Definition of Caste

According to sociologists, caste refers to a social system characterised by hierarchically-ordered divisions based on birth. In such a system, there is a strict limit to one's choice of occupations, which is, theoretically, inherited over the generations. There are also strict rules that govern and restrict commensality, marriage and other forms of social intercourse between the different castes. At the same time, each caste is interdependent on the other castes for various services. A caste-based society is contrasted with a class-based one, in which, at least in theory, people's status depends on achievement, rather than birth.

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Caste and Caste-Based Discrimination among Indian Muslims - Part 2

 

Caste and Caste-Based Discrimination among Indian Muslims - Part 2: Indian Muslim Society in the Shadow of Casteism

Continued from here.

(Translated from Urdu by Yoginder Sikand, for NewAgeIslam.com)

(Part 2 of Masood Alam Falahi's Urdu book Hindustan Mai Zat-Pat Aur Musalman ('Casteism Among Muslims in India'))

[Translator's Note: This is a translation of Dr. Faridi's Introduction to Masood Alam Falahi's Urdu book Hindustan Mai Zat-Pat Aur Musalman ('Casteism Among Muslims in India') [Ideal Foundation, Mumbai, 2009, pp. 32-35. For the sake of brevity, I have deleted some lines that I did not find directly relevant. I have sought to present the spirit of the text and, hence, have not made a literal translation throughout - Yoginder Sikand, NewAgeIslan.com]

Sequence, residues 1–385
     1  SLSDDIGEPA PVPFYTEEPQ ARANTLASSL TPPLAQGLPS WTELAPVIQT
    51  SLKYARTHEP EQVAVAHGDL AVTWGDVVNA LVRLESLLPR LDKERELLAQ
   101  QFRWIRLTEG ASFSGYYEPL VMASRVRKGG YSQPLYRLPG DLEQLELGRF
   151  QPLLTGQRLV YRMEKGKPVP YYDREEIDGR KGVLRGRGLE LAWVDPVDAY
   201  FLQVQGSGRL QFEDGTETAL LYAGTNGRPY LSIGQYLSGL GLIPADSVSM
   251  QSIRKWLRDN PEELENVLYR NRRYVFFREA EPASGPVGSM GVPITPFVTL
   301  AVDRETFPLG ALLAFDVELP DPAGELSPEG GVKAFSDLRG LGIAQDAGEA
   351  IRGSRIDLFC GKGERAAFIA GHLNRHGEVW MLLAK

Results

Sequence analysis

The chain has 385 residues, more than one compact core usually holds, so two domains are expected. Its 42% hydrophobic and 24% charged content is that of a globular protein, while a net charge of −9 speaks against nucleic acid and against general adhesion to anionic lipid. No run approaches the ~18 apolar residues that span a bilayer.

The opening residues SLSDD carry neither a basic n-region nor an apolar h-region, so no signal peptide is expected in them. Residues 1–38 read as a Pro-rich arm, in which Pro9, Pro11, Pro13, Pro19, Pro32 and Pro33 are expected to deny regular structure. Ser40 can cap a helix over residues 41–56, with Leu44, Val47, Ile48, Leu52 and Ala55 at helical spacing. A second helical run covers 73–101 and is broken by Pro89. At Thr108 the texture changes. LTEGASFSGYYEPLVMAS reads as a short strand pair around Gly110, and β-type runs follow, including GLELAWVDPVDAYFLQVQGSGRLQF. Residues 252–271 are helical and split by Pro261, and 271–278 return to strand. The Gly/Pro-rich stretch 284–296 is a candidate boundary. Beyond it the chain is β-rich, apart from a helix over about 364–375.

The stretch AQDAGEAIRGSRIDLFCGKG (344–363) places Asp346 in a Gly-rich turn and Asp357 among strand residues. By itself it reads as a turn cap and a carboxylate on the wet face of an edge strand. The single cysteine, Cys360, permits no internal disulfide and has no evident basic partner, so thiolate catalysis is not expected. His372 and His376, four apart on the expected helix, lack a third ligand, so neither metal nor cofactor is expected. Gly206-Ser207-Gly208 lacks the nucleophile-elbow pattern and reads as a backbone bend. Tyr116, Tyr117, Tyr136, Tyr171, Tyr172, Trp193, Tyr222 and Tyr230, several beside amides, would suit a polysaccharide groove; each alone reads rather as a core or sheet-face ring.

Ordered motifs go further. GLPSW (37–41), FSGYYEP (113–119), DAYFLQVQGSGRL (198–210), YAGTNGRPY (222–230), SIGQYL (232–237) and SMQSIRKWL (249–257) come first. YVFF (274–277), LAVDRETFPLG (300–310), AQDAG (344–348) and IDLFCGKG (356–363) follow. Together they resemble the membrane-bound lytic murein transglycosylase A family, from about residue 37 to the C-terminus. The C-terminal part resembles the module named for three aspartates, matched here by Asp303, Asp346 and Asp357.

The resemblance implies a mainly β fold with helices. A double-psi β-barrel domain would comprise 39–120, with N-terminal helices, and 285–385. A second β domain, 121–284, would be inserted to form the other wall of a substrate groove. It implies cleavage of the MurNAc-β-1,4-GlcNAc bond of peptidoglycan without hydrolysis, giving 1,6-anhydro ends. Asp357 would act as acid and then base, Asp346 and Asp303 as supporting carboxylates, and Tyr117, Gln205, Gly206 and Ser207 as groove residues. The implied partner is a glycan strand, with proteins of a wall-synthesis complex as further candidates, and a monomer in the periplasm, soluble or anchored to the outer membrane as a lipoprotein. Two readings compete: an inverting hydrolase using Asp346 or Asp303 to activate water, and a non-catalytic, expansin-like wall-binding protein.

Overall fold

~

Indian Muslim Society in the Shadow of Casteism

By Dr. Fazlur Rahman Faridi

[Translated from Urdu by Yoginder Sikand, for NewAgeIslam.com]

When I received the first instalment of a series of articles by my dear brother Masood Alam Falahi for publication in Zindagi-e Nau I had no idea that these articles would, in the future, take the form of a voluminous book. As successive instalments began being published in the journal, it dawned on me that this series represented an in-depth analysis of a painful and dark side of the history of the Muslims of India.

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Caste and Caste-Based Discrimination among Indian Muslims - Part 1